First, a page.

Two groups--one based in the Phoenix area, and one in Tucson--are putting together ballot initiatives seeking to cover uninsured Arizonans, who constitute nearly one-fifth of the state's population.
Across the country, there are signs of activity on the universal health-care front. States including Massachusetts, Maine, Vermont, Illinois and California are looking at ways to insure all their citizens, some 13 years after far-reaching reform collapsed at the federal level.
Closer to home, Arizona House Minority Leader Phil Lopes, of Tucson, has introduced a universal health-care bill in each of the past two legislative sessions--but it hasn't gotten so much as a hearing.
Lopes attributed its consistent failure to two factors. First, he's a Democrat in a Republican-controlled chamber.
"The other problem is, I think people just think it's too radical," he said.
His bill advocates pooling the $30 billion being paid into health care by Arizona employers, insurers, employees and others. That money would then be disbursed by a nine-member commission, in a manner roughly analogous to how the Arizona Board of Regents controls funds for the state's universities.
"That nine-member commission would essentially form an insurance company and provide insurance for everybody in Arizona," he said.
The idea of a public commission may turn off those who disdain government oversight of health care, but Lopes says they have the wrong idea about how his plan would function.
The plan is "a private-public partnership, because even though this commission is a public entity and would have to do their business in the open air, much of the money would be private money, and 98 percent of the providers would be private providers," he said. "We would be contracting with doctors, hospitals and others to provide these services."
Despite Lopes' bleak assessment on how far Arizonans are willing to go in reforming health care all at once, there were optimistic voices at the 90th Arizona Town Hall last month who declared that far-reaching reform may finally be in the offing. (You can read the health-care background report prepared for the Town Hall by the University of Arizona at www.aztownhall.org.)
But in light of the difficulty in getting a universal health-care bill through the Legislature, some feel the only route for achieving results is to appeal directly to voters through a ballot initiative.
"The problem is, and I've found this in almost every place that I've gone to talk, is this idea that it'll never happen, because as soon as there's a plan that looks halfway decent, big business will step in; it'll get flooded with money from insurance and pharmaceutical companies, and legislators will be paid off for not allowing things to be voted on," said Glenn Ray, organizer of Phoenix initiative committee Arizonans for Responsible Health Care. "There's that 'beaten-dog' syndrome."
Ray, an unsuccessful Democratic candidate for the state Senate in 2006, said he's trying to create a "legitimate universal health-care plan that is focused on preventative treatment ... and that distributes the cost of that in such a way that everyone pays." Many elements of Lopes' bill would be incorporated into their initiative, he added.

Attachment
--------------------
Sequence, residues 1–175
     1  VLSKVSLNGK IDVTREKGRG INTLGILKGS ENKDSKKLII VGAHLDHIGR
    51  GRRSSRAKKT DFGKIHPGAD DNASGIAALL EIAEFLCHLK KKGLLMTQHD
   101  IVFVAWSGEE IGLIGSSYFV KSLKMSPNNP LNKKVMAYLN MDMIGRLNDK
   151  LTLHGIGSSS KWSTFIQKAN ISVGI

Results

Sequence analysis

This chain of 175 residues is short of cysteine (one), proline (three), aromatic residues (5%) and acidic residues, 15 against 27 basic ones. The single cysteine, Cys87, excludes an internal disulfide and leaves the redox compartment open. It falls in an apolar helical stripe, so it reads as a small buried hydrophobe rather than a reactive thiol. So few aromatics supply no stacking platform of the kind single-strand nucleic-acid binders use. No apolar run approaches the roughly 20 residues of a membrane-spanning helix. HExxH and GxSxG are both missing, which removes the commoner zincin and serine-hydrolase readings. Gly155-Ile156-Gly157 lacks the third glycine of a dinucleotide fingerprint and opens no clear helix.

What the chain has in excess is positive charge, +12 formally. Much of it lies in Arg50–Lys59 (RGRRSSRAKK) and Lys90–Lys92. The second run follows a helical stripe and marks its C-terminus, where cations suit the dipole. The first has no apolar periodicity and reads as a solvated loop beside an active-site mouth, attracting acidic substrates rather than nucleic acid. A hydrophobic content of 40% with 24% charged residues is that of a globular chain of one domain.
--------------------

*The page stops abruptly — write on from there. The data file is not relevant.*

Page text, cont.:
The group is studying funding mechanisms for such a plan, including a sales tax that would force some non-Arizonans to contribute toward insuring the state's citizens, or a payroll deduction that would be scaled according to earnings. He said any fees Arizonans currently pay for "welfare health-care plans," such as Medicare and Medicaid, would be redistributed into the system as part of his group's plan.
"The money would be recaptured," he said. "Instead of going into the welfare system, it would go into a health-care plan for Arizona. Monies that go for immigration reform--federal dollars--would come to us and go into our health-care plan, because, unfortunately, we do have that problem here in the state of Arizona."
The Tucson-based Healthy Arizona is also working on an initiative to put before voters in 2008, although the group is releasing few details at this point. Dr. Eve Shapiro, the committee chairwoman, said they hope to have concrete information to trot before the public by the end of summer.
"If you're doing an initiative, you need something that's going to have the support of a lot of stakeholders; otherwise, you can get killed by people with more assets than you possess," she said. "We want to get all the stakeholders in the loop: patients, providers, insurance, hospitals, business."
Right now, Healthy Arizona is looking at the weaknesses of plans in other states.
"What we see is that they underestimate how much it will cost to provide a decent plan," Shapiro said, "and they overestimate what people can afford at different income levels." The group is waiting on poll results and cost estimates before nailing down specifics.
Lopes said he supports the initiative drives, but would prefer to work through the Legislature.
"I would like to give the Legislature a chance," he said. "I'm going to be here for three more years, and if we can't get any more movement than this in three years, then I'd say, 'Take the sucker to the ballot.' The problem with the ballot is that whatever you pass is in concrete forever, and what if you miss something, or what if there's an unforeseen consequence?"
Shapiro told the Weekly she was aware of Lopes' concerns and was hoping to craft a plan that was flexible enough--through a committee or some other body--to adapt to changes in health care.